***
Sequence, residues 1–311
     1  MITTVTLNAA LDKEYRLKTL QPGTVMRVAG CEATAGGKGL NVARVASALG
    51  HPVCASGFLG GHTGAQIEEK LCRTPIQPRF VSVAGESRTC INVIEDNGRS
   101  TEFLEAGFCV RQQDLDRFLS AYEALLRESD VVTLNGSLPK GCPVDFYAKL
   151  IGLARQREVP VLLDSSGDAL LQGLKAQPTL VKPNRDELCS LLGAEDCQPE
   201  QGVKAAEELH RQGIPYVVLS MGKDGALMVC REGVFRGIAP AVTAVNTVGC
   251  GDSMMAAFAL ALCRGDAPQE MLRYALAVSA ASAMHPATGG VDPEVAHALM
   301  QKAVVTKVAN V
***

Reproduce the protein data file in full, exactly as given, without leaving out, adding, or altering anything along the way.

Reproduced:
Sequence, residues 1–311
     1  MITTVTLNAA LDKEYRLKTL QPGTVMRVAG CEATAGGKGL NVARVASALG
    51  HPVCASGFLG GHTGAQIEEK LCRTPIQPRF VSVAGESRTC INVIEDNGRS
   101  TEFLEAGFCV RQQDLDRFLS AYEALLRESD VVTLNGSLPK GCPVDFYAKL
   151  IGLARQREVP VLLDSSGDAL LQGLKAQPTL VKPNRDELCS LLGAEDCQPE
   201  QGVKAAEELH RQGIPYVVLS MGKDGALMVC REGVFRGIAP AVTAVNTVGC
   251  GDSMMAAFAL ALCRGDAPQE MLRYALAVSA ASAMHPATGG VDPEVAHALM
   301  QKAVVTKVAN V